The Oakland City Council accepted a $500,000 grant from the California Public Utilities Commission (CPUC) to support the City in developing plans for providing affordable, high-speed internet access to underserved areas of Oakland.
The Local Agency Technical Assistance grant award will enable Oakland to plan and design projects to deploy and leverage fiber optic and wireless infrastructure, as well support community engagement and digital literacy plans for the future.
“We are thrilled to receive this grant, which will support us in developing a comprehensive broadband strategy for the City of Oakland,” said Tony Batalla, Oakland’s Director of Information Technology. “Access to affordable residential broadband service will help further the City’s goals for racial equity by addressing social issues associated with the ‘Digital Divide,’ which particularly impacts areas of East and West Oakland. We are grateful to the CPUC for this award.”
The project will build upon the City’s ongoing initiatives to improve equitable access to and adoption of high-speed broadband, including efforts to bring together the Oakland Unified School District, Oakland Housing Authority, and other key stakeholders to assess needs and address barriers to high-speed broadband access.
The City will use this funding to update the 2019 Fiber Optic Master Plan, identify City-owned infrastructure that can be made available to last-mile service providers, conduct a needs assessment to understand gaps in connectivity, with a focus on high-density apartment units, and plan and design broadband infrastructure projects for priority underserved areas.
Access to affordable internet access increases microeconomic development by empowering residents with expanded job opportunities, job training, networking, and many other benefits. Broadband networks and residential internet service also play an important role in the transition to cleaner economy by supporting technologies that reduce carbon emissions like smart thermostats, electric water heaters, and other appliances that connect to the home’s internet service.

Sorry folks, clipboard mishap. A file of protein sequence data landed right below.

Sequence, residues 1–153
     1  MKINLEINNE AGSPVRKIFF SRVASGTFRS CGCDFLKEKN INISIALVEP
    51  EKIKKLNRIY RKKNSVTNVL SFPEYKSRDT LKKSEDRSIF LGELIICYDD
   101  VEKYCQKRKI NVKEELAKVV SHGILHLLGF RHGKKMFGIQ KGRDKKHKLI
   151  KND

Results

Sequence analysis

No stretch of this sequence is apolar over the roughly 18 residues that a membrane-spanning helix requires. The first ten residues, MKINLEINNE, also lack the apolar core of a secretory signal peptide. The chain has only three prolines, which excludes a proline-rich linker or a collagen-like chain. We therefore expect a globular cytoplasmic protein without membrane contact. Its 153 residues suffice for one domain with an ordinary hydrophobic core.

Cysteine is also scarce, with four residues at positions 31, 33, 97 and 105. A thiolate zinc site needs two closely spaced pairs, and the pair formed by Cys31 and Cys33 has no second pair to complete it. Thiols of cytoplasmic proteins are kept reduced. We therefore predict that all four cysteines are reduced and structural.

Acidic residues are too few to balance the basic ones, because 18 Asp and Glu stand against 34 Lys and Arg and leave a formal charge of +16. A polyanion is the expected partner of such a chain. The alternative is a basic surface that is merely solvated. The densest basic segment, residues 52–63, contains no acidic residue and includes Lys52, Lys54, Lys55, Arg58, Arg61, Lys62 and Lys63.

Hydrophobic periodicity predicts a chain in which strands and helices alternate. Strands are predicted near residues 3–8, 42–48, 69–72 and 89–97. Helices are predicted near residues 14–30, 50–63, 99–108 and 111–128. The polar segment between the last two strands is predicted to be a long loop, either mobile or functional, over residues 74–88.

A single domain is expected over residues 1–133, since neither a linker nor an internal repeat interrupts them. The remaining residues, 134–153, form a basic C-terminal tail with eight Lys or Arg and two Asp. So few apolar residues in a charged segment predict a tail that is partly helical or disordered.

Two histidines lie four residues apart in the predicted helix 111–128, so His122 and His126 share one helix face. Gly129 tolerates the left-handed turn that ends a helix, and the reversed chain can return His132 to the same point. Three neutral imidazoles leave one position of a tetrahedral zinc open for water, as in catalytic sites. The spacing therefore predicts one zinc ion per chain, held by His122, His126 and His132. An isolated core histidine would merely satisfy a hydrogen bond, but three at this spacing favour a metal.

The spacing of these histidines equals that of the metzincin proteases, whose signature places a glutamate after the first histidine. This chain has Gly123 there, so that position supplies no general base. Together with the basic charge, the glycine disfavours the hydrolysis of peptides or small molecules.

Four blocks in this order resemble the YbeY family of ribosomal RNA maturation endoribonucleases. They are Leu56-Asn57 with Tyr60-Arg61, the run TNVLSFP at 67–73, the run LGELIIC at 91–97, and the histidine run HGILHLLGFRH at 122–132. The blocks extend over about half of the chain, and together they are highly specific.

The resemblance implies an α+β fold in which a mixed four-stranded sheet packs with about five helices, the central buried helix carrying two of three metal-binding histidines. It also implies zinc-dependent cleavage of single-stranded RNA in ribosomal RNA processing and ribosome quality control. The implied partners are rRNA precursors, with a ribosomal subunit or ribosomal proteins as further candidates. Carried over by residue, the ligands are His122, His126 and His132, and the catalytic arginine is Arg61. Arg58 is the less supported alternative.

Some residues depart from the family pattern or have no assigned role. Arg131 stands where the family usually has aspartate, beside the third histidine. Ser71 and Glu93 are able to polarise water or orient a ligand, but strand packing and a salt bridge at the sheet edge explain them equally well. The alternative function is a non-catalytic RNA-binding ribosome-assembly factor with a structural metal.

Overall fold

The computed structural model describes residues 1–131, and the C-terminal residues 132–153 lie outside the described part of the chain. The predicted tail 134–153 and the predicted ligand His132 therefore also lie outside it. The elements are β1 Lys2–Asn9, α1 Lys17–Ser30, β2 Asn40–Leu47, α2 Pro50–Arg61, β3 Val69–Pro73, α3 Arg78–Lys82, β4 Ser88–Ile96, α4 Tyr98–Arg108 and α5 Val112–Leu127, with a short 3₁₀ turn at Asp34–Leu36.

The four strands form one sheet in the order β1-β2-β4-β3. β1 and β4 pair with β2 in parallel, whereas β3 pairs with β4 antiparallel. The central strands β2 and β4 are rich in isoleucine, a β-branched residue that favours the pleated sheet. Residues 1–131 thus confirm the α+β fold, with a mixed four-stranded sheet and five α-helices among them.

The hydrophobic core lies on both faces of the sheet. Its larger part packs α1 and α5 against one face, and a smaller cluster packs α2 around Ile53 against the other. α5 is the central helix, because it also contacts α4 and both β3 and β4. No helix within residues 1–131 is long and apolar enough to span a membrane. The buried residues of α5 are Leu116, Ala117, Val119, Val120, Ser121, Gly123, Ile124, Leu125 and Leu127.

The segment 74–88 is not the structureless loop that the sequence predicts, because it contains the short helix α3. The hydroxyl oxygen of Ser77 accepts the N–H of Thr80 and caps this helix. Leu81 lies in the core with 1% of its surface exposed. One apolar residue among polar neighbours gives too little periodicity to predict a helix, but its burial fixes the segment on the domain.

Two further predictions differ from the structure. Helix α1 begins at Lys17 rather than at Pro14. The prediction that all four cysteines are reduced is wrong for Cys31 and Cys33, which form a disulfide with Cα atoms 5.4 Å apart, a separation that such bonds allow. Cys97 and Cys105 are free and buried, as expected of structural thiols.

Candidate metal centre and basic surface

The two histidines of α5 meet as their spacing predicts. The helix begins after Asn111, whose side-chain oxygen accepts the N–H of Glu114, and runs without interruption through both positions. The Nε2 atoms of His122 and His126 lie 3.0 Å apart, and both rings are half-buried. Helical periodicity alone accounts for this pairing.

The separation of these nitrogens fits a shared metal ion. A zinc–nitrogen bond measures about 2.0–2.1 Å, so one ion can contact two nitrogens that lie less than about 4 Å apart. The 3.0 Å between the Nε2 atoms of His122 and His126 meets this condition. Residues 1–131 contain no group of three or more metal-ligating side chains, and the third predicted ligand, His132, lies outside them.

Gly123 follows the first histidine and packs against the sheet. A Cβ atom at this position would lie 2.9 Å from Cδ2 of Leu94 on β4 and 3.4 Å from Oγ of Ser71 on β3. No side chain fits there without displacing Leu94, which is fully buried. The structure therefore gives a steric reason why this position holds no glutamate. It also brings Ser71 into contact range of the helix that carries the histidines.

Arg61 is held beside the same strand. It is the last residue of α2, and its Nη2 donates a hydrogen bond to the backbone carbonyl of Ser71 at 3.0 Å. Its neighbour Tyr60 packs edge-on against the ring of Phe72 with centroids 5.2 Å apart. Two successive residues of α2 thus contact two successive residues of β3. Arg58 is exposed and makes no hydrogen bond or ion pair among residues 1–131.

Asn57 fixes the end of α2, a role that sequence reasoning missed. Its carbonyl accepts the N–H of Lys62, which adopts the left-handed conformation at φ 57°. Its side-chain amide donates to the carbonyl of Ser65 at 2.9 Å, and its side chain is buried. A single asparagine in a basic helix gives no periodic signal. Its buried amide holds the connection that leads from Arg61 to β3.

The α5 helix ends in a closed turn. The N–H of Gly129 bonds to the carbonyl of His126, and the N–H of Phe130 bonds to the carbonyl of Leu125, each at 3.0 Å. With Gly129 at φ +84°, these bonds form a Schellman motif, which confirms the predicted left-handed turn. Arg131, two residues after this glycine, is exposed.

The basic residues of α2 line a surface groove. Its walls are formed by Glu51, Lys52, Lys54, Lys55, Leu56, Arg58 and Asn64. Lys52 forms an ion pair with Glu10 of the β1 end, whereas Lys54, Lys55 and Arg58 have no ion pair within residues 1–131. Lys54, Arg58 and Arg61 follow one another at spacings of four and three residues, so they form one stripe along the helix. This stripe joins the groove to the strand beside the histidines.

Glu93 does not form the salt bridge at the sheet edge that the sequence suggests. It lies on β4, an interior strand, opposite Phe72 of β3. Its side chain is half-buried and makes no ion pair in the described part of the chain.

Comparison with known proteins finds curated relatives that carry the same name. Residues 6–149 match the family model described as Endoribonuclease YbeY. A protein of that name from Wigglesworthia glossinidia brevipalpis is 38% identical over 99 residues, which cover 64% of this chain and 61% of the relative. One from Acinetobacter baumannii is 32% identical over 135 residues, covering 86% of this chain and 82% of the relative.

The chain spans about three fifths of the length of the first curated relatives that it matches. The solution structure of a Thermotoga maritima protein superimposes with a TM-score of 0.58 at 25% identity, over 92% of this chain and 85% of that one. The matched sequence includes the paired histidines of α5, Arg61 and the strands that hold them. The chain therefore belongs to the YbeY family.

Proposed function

The City recently issued a Request for Information (RFI) as part of its new OakWiFi@Home initiative to better understand the landscape of potential partners, receiving dozens of responses ranging from community-based organizations to large Internet Service Providers. The results of this RFI will inform the City’s next steps.
OakWiFi@Home builds on the work of #OaklandUndivided, an initiative to ensure 100% of Oakland public school students have a computer, internet access, and tech support, and the OakWIFI initiative, launched in 2020, to expand Oakland’s public WIFI network.
An estimated 94,000 (21.7%) of Oakland residents lack internet access. A recent report by the Greenlining Institute found a startling correlation between East Bay neighborhoods lacking broadband access and neighborhoods that had been redlined beginning in the 1930s. According to Oakland Unified School District data, a concentration of school-age children in the east and central areas of Oakland as well as portions of west Oakland lack access to the internet.